October 28, 2022 – Federal regulation of research on dangerous pathogens such as COVID-19 has loopholes and lacks clarity, according to experts.
Concern about the regulations, and about the wisdom of carrying out potentially risky research—so-called “gain-of-function” experiments—surged after reports about a Boston University study in which researchers tinkered with the Omicron variant of the coronavirus to understand why it causes mild disease.
Some experts quoted in an October 21 Nature article said that the BU research was relatively low-risk. But they also pointed out that such work needs to be carefully reviewed, and that current federal rules aren’t clear about which experiments have benefits that outweigh risks, and who is in charge of monitoring them.
Under current federal rules, every study the National Institutes of Health (NIH) considers for funding is vetted for safety. But critics of the rules say that there needs to be more transparency about how decisions are made on risky research. In addition, some experiments that aren’t federally funded fall outside the scope of these rules. BU officials said their study was in that category.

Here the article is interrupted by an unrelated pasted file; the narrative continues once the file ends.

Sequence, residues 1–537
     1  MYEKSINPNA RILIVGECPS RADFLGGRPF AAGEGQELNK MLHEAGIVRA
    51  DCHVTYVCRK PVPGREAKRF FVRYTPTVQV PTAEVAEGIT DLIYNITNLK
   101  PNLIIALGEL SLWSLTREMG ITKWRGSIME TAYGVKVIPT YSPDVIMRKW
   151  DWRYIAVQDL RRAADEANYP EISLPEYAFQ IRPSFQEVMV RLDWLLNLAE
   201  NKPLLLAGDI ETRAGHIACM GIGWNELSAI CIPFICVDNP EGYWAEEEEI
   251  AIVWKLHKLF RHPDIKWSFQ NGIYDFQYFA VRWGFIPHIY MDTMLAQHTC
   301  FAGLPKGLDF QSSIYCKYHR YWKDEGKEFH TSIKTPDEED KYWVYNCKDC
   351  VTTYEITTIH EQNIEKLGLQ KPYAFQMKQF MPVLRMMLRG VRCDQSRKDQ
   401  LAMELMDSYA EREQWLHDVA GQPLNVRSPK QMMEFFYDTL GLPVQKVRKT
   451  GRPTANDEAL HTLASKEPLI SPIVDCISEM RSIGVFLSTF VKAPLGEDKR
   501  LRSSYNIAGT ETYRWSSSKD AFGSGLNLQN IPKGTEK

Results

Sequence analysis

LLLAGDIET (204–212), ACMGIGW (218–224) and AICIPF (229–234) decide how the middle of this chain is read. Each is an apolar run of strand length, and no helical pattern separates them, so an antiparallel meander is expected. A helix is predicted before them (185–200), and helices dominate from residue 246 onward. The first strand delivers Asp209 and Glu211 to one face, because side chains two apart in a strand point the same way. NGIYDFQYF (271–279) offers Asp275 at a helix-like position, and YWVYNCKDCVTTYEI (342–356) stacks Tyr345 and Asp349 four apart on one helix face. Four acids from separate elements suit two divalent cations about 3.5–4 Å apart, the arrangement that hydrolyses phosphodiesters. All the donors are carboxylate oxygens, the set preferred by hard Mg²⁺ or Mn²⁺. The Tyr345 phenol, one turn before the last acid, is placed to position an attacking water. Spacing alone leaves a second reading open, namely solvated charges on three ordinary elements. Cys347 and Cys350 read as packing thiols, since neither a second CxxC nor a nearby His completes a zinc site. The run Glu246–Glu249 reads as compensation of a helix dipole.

In September, an NIH advisory board released draft recommendations on reforming federal regulations on risky pathogen research. Marc Lipsitch, professor of epidemiology and director of the Center for Communicable Disease Dynamics at Harvard T.H. Chan School of Public Health, and senior scientist at the CDC’s Center for Forecasting and Outbreak Analytics, told Nature that the draft recommendations don’t go far enough. And, in an October 22 New York Times article, he said, “The first draft makes some important advances and leaves a lot of things unaddressed.” Lipsitch has pushed for tighter rules regarding risky research.
Read the Nature article: Which COVID studies pose a biohazard? Lack of clarity hampers research
Read the New York Times article: Lab Manipulations of Covid Virus Fall Under Murky Government Rules
Clearer guidance needed for risky pathogen experiments (Harvard Chan School news)